It is almost impossible to find anyone who wouldn’t rank Joaquin Phoenix among the top acting talents in the world right now, especially after his remarkably vulnerable performance in Todd Phillips’ 2019 adaptation of Joker. Winning several coveted accolades and receiving universal acclaim, Phoenix provided the world with irrefutable proof of his mastery despite being accused of propagating things like ‘toxic masculinity’ and ‘alt-right ideas’.
While such claims are entirely facile, it is almost tragic that such ideological projects prevent some audience members from actually appreciating Phoenix’s performance. Starring as a mentally disturbed comedian who lashes out at the world when confronted with the extent of his failure, Joker presents a nuanced take on alienation and modernity even though its message might have been distorted by alt-right ideologues.
Phoenix explained why he chose the project, claiming: “I couldn’t come up with any answers. That’s what made me feel I had to do it. I felt overwhelmed and terrified by it. Usually when I’m scared of something, it makes me feel like I have to go towards it. I had so many mixed feelings about the character. And I like that. I don’t think we have enough of that in movies, particularly in a superhero genre movie. I hate the idea of labelling something, just mostly because I don’t really know what the genres are.”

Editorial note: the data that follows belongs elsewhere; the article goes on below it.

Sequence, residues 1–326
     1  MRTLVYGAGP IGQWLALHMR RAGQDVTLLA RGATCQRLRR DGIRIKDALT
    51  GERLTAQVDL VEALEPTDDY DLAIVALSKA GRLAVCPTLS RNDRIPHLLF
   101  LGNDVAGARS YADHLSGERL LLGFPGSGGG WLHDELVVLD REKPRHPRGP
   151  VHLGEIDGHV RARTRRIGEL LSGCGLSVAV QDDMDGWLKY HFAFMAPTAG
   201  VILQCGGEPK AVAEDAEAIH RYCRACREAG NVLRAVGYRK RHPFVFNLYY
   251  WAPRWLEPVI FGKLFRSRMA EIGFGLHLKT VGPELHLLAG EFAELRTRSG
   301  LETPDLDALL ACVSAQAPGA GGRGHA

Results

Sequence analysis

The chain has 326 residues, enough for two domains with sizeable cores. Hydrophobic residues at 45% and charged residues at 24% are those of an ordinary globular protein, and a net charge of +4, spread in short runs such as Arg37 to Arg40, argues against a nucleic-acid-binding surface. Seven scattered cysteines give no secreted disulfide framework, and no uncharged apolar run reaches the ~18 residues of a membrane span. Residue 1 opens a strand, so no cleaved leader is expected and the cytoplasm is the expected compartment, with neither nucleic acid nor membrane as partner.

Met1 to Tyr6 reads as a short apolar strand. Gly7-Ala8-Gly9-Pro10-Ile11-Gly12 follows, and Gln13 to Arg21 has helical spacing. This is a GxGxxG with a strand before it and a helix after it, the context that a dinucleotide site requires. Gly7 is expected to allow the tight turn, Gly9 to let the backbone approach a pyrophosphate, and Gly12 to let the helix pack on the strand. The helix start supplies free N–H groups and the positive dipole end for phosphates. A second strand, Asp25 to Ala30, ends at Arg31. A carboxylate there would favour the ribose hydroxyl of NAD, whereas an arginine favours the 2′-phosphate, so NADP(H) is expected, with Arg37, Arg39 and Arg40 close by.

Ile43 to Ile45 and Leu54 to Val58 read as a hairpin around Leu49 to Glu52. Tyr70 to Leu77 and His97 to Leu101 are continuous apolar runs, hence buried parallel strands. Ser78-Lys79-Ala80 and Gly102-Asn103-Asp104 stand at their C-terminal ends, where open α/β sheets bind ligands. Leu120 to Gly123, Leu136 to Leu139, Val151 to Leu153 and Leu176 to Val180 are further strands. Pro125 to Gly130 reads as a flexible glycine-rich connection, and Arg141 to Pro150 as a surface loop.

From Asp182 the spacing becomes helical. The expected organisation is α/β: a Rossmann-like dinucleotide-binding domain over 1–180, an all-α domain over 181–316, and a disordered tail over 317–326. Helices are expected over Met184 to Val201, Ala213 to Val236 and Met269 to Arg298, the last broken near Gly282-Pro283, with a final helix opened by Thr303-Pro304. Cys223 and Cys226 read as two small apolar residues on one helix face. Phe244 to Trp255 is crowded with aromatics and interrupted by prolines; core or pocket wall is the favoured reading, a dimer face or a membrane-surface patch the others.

“When I first read it, a lot of his behaviour and actions I felt were despicable,” he added. “There was manipulation and I felt he was self-pitying. But I recognised from my previous work with ‘You Were Never Really Here’ the signs of PTSD, and I saw that in certain moments he was in flight or flight. I recognised these signs that allowed me to think about him differently. It’s hard not to have sympathy for somebody who experienced that level of childhood trauma.”
Given the usual complexity and depth of Phoenix’s works, one would imagine that he draws inspiration from some of the most intense dramatic works in the history of cinema. Instead, Phoenix confessed that there’s one film he returns to from time to time, and he has probably watched that particular comedy flick more than anything else he has ever sat through. If you’re trying to guess what it is, don’t hold your breath.
The actor claimed that it was Adam McKay’s 2008 comedy Step Brothers, which made him “pee his pants and fall down laughing”. Starring Will Ferrell and John C. Reilly, Step Brothers features them as two 40-year-old children who indulge in hilarious conflicts after their parents split up. Phoenix loved Reilly’s performance so much that he jumped at the chance to work with him on The Sisters Brothers.
McKay recently revealed that he felt the two main characters from Step Brothers would be QAnon conspiracy theorists as well as supporters of Donald Trump: “They’d be way into it, and they’d be torturing [Richard] Jenkins and [Mary] Steenburgen’s characters with it, and they would eventually be having meetings at the house and somehow QAnon would drift into Jenkins’s work life and the Q Shaman would show up at Jenkins’s workplace.”
Continuing, “They also would have loved Trump. I don’t want to speak for Ferrell and Reilly, but I think you could safely assume they would agree with that.” While talks of a sequel have been ongoing for a long time, Reilly stated: “For most artists, sequels aren’t the most attractive thing. Fans, of course, are different. If you like pizza, you want more pizza. I understand people really getting into the idea, but in terms of having something on the table, no, there isn’t.”